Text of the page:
INDUSTRIAL RELATIONS ACTS, 1946 TO 1990
SECTION 26(1), INDUSTRIAL RELATIONS ACT, 1990
CENTRAL BANK OF IRELAND
- AND -
MANUFACTURING, SCIENCE, FINANCE
1. Introduction of single operative system.
2. The dispute concerns the Bank's proposal for the introduction of a method of work involving one person operation of machinery (single operator) by currency checking staff. Pertinent to the issue is the payment of 2% under Clause 2 (iv) of the Programme for Competitiveness and Work (PCW), - 1% has already been paid under Clause 3 of the Programme for Economic and Social Progress (PESP), and another item is recruitment of staff.
The Bank originally introduced a single operator system in 1989, following Labour Court Recommendation No. LCR12302. However, following some problems with the quality of bank notes, it reverted to dual operators. The Bank now proposes to operate 8 machines with 16 staff - one group of 8 operators and one group of 8 relief workers. The relief workers will operate the machines when the main group takes tea/lunch breaks. At present there is one preparer of bundles and one person who operates the machine to process the bundle, with accountability accordingly. The Bank wants to use single operaters for security reasons. The new system is to have a 3 month trial period.
The dispute was referred to the Labour Relations Commission and 3 conciliation conferences took place, on 4th March, 1996, 11th March, 1996 and 9th May, 1996. The Industrial Relations Officer (IRO) had informal discussion with the parties based on draft settlement proposal which he put to the parties. Paragraph 4 of the proposal is as follows:-
"The system will be introduced by way of a three month trial
period and the system will be monitored by a committee
comprising two currency checkers, one supervisor and one
management representative. Issues will be dealt with as and
when they arise. At the conclusion of the trial period the single
operator system will continue to operate (under protest if
necessary) while the issue is brought to conclusion by way of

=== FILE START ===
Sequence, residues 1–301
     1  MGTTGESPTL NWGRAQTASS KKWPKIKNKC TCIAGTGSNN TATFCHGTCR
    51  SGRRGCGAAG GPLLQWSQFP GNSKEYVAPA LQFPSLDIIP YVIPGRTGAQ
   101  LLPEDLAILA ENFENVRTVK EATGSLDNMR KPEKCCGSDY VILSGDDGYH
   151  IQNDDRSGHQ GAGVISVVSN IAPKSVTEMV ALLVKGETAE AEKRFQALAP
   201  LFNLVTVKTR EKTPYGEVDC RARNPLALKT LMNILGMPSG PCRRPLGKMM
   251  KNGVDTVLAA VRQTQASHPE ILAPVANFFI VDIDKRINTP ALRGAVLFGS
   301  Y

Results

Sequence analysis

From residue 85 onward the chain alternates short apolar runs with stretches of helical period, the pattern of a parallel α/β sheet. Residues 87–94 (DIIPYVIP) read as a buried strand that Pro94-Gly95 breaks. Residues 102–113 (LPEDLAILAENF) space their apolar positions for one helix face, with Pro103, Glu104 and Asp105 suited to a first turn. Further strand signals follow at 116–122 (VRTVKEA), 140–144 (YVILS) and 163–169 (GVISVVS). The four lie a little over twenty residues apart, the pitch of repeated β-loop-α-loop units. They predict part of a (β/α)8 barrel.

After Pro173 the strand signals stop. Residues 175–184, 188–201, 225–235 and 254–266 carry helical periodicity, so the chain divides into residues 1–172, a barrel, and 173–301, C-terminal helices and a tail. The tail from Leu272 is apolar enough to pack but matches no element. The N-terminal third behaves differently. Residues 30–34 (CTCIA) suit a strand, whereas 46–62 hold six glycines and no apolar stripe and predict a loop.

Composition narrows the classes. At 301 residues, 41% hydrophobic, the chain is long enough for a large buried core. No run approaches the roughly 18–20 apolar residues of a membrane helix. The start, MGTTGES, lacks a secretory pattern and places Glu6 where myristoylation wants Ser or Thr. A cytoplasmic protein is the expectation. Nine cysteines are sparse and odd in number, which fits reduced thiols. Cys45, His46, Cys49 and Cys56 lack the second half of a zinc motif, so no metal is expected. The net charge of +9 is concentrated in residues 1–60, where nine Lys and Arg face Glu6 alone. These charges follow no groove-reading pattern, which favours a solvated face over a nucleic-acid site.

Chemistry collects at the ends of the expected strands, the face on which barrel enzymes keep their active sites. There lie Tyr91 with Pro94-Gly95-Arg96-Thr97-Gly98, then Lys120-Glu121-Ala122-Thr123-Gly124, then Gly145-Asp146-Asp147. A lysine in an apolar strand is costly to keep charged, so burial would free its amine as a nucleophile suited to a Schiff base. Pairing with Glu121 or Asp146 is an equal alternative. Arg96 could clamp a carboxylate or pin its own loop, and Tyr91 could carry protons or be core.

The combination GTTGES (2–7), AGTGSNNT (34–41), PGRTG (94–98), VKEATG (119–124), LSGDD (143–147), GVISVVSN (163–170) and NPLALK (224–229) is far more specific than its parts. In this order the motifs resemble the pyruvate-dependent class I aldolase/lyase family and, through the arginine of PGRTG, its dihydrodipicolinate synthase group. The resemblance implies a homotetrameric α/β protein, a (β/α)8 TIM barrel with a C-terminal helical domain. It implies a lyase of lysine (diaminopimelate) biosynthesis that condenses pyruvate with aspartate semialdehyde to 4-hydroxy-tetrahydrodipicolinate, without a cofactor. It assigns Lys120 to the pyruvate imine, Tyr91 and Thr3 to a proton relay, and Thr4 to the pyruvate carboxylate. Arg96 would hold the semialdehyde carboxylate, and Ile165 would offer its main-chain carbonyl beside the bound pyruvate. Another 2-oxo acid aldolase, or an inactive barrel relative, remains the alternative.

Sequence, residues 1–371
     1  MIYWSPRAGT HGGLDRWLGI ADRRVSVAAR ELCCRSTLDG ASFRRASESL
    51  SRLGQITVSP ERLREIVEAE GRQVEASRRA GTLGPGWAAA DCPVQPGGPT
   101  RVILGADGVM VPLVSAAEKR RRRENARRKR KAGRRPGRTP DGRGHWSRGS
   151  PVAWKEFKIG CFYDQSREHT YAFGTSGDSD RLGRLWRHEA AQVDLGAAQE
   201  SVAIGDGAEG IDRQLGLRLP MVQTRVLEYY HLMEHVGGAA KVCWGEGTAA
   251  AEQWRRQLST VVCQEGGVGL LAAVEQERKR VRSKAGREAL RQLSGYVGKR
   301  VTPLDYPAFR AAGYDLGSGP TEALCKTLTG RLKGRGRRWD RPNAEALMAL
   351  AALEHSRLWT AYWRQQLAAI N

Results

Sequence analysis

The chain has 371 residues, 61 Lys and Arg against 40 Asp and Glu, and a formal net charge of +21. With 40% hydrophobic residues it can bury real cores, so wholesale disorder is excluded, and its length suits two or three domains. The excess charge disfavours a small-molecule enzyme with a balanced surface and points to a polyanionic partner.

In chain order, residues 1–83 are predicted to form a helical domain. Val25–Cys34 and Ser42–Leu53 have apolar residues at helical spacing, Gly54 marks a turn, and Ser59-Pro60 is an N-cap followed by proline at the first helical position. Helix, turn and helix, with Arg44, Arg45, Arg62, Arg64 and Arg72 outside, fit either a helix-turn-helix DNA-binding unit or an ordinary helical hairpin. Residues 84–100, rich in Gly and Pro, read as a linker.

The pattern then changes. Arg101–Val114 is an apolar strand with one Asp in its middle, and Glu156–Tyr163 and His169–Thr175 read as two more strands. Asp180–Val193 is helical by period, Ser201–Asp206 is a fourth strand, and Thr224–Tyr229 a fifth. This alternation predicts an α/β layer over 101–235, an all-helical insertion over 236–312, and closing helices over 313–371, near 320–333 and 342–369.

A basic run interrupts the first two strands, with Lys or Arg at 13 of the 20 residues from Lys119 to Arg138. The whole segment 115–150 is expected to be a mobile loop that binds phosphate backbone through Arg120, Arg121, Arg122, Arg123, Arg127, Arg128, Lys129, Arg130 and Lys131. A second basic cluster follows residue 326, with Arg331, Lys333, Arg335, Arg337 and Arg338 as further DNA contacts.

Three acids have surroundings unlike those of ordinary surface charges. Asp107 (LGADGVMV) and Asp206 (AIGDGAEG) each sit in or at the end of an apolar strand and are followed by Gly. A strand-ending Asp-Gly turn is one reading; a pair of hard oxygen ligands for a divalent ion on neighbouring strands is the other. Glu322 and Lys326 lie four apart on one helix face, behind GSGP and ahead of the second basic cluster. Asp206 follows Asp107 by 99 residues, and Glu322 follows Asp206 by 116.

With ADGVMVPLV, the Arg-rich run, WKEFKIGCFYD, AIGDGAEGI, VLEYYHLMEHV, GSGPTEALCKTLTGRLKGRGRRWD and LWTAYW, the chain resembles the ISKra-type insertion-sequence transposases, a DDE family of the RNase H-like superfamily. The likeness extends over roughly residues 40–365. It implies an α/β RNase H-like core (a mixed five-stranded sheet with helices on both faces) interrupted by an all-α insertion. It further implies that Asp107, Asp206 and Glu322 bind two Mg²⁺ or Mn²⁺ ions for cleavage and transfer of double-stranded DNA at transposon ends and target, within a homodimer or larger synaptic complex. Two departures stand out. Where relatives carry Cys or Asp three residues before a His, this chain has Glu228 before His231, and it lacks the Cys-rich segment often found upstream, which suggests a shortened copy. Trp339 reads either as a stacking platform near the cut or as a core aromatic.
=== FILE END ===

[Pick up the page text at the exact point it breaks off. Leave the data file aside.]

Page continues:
full utilisation of procedures."
As the parties did not reach agreement, the dispute was referred to the Labour Court in accordance with Section 26(1) of the Industrial Relations Act, 1990. A Labour Court hearing took place on 5th July, 1996.
3. 1. The Bank's proposal for single operators, i.e. one person taking one bundle of notes at a time and processing them through to finalisation, is acceptable only if there are no interruptions. Using relief operators for breaks does not add to the security of the system. The machines should be closed down for the breaks. With the quality of bundles improving, throughput has been increasing. A number of Union proposals (including improved machinery) were rejected by the Bank.
2. A letter from the Bank on 6th April, 1995, referred to "work practices, recruitment of staff and security procedures and controls" - all of which are encompassed in the Bank's requirement for a single operator system. If the Union is to agree to the Bank's proposals for single operators, the remaining 2% of the PCW should be paid.
3. The 6 staff which the Bank intends recruiting are replacement staff, not additional. At least 3 of these should be made permanent.
4. 1. The single operator method significantly improves the system for the processing of bundles, as only one person handles each input bundle and, in most cases, each output bundle. The system also represents a 50% reduction in the number of staff processing the bundles. The proposed handover procedure would maintain security and would not incur a significant loss of machine running time. If the system was to close for breaks there would be a 20% reduction in throughput in the area.
2. The Bank is willing to re-introduce the single operator system on a three month trial basis and would seek to resolve any problems arising. It has also agreed to recruit additional staff in the area, 3 of whom will be made permanent.
The Court recommendes that the single operator system be introduced on a three month trial basis, as outlined in the Industrial Relations Officer's proposal (paragraph 4).
During the period, the employees' concerns, including that of personal integrity/security, should be addressed by the parties.
The Court further recommends that the Bank takes into account this change in working arrangements, in the wider negotiations on Company proposals.
Signed on behalf of the Labour Court
19th July, 1996______________________
Enquiries concerning this Recommendation should be addressed to Ciaran O'Neill, Court Secretary.